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Southern California Close-Ups: Venice, Santa Monica, Malibu

The odd humanity of Venice's Ocean Front Walk. The fun-filled Santa Monica Pier. Getty's ancient art in Pacific Palisades. The sun-kissed beaches of Malibu. The area lets you mix with the masses or take a solitary trek.

July 31, 2011|By Christopher Reynolds | Los Angeles Times Staff Writer

Out-of-towners, beware. If you ask a local for tips on the best beaches in Malibu, you risk drowning in a sea of beach-bum bombast and legal disputes over what's public and what isn't, where to park, the shape of the waves, the clarity of the water, the rights of wealthy beach-dwellers and who lives in that big, ugly house over there, anyway? Zuma Beach County Park (near 30000 Pacific Coast Highway) is big and sandy. El Matador State Beach (32215 Pacific Coast Highway) is smaller, harder to reach, edged by cliffs and caves — and gorgeous. The state Coastal Commission and Los Angeles Urban Rangers will tell you much more about dozens of others at http://www.coastal.ca.gov/access/MalibuGuide2010.pdf. Or you could do the shallow thing and head for the trailer park from "The Rockford Files" and "Baywatch." Paradise Cove, a hefty 18 miles up the coast from the Santa Monica Pier, is home to a busy cafe, tiny pier and one of the state's ritziest mobile-home parks. It's a star on big and little screens ("Gidget" and "The O.C." are also among its credits), so if you have come to California with tourist fantasies about the perfect little beach, this could fill the bill. Gentle waves, handsome bluffs, fine sand, beach toys aplenty, lifeguard at the ready, legions of armchairs lined up beneath an array of palapas. Many locals scoff, because it can get crowded, and because dogs, surfboards and barbecues are banned. Also, the cost of parking in the private lot jumps from $3 (for four hours) to $25 if you don't spend at least $20 at the cafe. But if you reserve your lunch well ahead and show up early, and it isn't 100 degrees in the San Fernando Valley that day, you just might have paradise your way.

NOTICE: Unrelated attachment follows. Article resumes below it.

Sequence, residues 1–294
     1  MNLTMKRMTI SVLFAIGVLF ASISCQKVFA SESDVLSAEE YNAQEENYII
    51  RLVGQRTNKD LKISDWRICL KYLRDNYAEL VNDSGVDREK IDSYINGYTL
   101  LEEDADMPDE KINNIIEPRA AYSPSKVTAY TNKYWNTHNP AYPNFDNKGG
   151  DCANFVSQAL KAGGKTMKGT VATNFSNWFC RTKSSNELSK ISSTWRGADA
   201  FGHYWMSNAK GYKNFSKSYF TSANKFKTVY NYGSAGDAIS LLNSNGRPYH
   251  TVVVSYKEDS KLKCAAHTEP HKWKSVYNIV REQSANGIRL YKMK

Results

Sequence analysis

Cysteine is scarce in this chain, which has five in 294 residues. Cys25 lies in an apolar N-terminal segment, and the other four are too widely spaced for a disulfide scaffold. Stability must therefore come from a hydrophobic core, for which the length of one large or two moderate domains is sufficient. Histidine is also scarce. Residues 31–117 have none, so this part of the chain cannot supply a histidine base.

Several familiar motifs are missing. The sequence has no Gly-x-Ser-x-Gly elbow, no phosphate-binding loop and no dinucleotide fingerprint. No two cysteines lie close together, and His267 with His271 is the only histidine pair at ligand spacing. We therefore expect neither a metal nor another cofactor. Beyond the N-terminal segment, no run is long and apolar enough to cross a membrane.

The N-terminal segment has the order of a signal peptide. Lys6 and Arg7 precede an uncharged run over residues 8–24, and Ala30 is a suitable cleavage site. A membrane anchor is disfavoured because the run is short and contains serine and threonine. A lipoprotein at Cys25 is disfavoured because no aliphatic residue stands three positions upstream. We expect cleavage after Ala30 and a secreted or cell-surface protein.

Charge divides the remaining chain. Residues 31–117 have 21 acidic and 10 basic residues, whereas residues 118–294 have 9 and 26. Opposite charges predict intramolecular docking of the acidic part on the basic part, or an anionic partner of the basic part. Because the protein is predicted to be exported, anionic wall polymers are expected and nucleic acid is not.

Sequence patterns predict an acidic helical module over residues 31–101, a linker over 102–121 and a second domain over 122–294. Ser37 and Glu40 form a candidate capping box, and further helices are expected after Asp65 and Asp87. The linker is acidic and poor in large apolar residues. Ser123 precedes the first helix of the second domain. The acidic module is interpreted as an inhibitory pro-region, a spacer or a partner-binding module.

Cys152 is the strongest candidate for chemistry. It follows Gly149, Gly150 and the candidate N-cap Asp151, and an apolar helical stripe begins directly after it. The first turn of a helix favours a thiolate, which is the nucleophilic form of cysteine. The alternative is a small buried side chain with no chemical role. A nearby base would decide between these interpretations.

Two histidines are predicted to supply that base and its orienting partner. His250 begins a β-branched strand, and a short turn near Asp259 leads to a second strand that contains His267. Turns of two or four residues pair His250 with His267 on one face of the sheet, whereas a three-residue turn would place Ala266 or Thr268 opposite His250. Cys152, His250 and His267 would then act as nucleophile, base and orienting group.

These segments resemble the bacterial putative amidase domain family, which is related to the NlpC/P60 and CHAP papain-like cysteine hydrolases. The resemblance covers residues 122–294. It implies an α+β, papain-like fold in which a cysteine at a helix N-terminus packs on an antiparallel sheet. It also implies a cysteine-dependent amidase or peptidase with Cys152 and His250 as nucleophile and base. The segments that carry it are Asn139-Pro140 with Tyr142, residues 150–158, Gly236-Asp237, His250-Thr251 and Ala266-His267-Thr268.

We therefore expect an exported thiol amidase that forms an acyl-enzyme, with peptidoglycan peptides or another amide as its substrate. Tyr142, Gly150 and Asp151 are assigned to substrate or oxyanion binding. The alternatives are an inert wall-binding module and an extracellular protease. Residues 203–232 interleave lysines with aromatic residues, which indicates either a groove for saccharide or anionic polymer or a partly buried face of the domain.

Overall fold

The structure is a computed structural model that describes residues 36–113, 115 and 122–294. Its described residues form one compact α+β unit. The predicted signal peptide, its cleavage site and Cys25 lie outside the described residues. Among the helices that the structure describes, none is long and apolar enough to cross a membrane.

christopher.reynolds@latimes.com

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